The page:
As we discussed in yesterday’s podcast, and as I’m sure any fan that is diehard-enough to read a blog like this already knew anyway, Jordan recently said in an interview that he thought he could score 100 points in a game against today’s defenses thanks to the rules limiting perimeter contact. He also mentioned that he thought Kobe was a “top ten guard.” Here’s a nice write-up of both points on ESPN.If you read down a little ways you’ll see that statistical wizard John Hollinger doesn’t believe Jordan could reach 100 points. His methodology was to take Jordan’s highest scoring season (when he was 23) and project what those numbers might be in 2010. Obviously any look back at what Jordan has previously done is going to “prove” that he could not score 100 points. But the same looks back at Kobe Bryant prior to 2006 would show that he could not possibly score 81 points in a game, and similarly David Robinson could not possibly score 72 points in a game, and Wilt could never score 100 points in a game. Until they all did it. If we took not a 23 year old Jordan with a suspect jumper but a 26 year old Jordan with no holes in his game and the full athleticism of youth, put him in a position against teams like the 2006 Raptors or one of Don Nelson’s Warriors teams in the ’90s, and Jordan’s goal was only to score 100 points, things change.
Hollinger (and this is a problem of statisticians in general) did not factor in that Jordan’s actual ability peak and his usage peak might not have happened at the same time. Because the Bulls were a strong team and MJ no longer needed to take a disproportionate amount of all their shots, that doesn’t mean all of the sudden he couldn’t have done so. And that goes for all players. I would love for our mathematically-inclined brethren to be able to take the context of a player’s career into consideration when analyzing stats. Isiah Thomas did not peak at age 23. That was just the last year he played an up and down style prior to Dantley joining the team. Ewing didn’t forget how to play offense when Pat Riley came. The team focus switched to the other end, and Pat got rid of his best set up point guard. Production is obviously a necessary factor in determining ability, but there’s more to looking at a player’s ability that production. We need a wider lens.
Now to the other controversy in Jordan’s interview. MJ said he thought Kobe was “probably a top 10 guard” in an all-time context. That is some b@!!$#!%. As Paul and I agreed in our podcast, there’s no way any reasonable person could rank Kobe lower than the 5th best guard of all-time. Guards who could be ranked ahead of the career 28 point per game, MVP, 2 time finals MVP, 5 ring wearing Bryant: Jordan, Magic, Oscar, and West. And quite frankly a couple of those names might be debatable. Nobody else has an argument. Now I don’t know if Jordan was sending out a barb at Bryant or if he just hadn’t been given the question beforehand and that was an off-the-cuff answer because he didn’t want to say something stupid. What if he said top 10 players of all time, and that turned out not to be true? It was either a petty underrating of a modern player (possible considering it’s Jordan) or a conservative underrating of a modern player (possible considering it’s a professional talent evaluator).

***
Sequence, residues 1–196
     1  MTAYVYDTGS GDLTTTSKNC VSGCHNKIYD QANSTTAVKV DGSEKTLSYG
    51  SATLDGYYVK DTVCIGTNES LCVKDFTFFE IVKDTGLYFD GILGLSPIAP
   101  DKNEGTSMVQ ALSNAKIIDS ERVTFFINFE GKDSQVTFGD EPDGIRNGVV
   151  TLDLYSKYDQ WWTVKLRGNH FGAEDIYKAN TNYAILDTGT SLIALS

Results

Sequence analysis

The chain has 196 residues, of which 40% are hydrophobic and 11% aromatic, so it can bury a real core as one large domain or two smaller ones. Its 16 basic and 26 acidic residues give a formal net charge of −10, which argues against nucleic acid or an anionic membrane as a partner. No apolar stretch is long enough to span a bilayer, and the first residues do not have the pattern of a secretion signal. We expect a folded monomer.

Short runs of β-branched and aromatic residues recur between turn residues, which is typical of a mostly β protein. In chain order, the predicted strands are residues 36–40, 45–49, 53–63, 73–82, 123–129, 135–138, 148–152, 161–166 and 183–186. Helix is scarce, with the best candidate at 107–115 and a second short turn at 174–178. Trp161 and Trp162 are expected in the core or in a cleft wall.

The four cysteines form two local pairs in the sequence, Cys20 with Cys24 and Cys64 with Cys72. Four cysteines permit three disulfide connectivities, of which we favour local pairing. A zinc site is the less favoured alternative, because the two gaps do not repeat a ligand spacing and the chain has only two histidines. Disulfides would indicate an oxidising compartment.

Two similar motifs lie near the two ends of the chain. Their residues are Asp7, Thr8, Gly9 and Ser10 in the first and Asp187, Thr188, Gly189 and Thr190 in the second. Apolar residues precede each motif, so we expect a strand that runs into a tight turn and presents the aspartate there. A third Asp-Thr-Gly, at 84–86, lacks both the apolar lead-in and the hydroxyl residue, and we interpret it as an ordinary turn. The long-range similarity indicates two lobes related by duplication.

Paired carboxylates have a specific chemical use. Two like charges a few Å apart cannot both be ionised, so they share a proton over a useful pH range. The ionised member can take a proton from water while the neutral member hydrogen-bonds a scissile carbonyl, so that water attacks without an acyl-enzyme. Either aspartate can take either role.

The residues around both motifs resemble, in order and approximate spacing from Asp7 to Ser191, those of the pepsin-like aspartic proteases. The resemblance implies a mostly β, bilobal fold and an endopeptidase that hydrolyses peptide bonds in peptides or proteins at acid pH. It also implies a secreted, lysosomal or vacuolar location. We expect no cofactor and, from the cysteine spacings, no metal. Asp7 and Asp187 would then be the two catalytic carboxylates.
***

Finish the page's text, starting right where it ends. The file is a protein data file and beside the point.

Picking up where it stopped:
Out of personal curiosity, I wanted to take a look at whether there’s a spot for Bryant in a Top 10 All-Time NBA Players list. We’re talking about individual production, accolades, and team achievements all being considered. Here’s a research-free guestimate:
1. Michael Jordan
2. Kareem Abdul-Jabbar
3. Wilt Chamberlain
4. Bill Russell
5. Magic Johnson
6. Larry Bird
7. Tim Duncan
8. Shaquille O’Neal
Okay. That’s enough. I’m not at all sure of the order of those 8, but I feel pretty confident that they belong. After that it gets a little iffy. Oscar Robertson, Jerry West, Hakeem Olajuwon, Kobe Bryant, Moses Malone, Julius Irving, Karl Malone, LeBron James, David Robinson… everybody has an argument of one kind or another, and they are all after 2 open slots. Frankly of the players I’ve seen, I think I would put Kobe next. If I think of what player I’d want to start a team with I’m not sure he’d make it over Hakeem and LeBron, but his accomplishments probably rank him 9 or 10. No matter how you look at it, no player on this list belongs in the “probably a top ten guard” list. John Stockton, Gary Payton, Walt Frazier, Bob Cousy, Clyde Drexler… these guys belong in the “probably a top ten guard” list. Kobe is disqualified on account of his all-time awesomeness.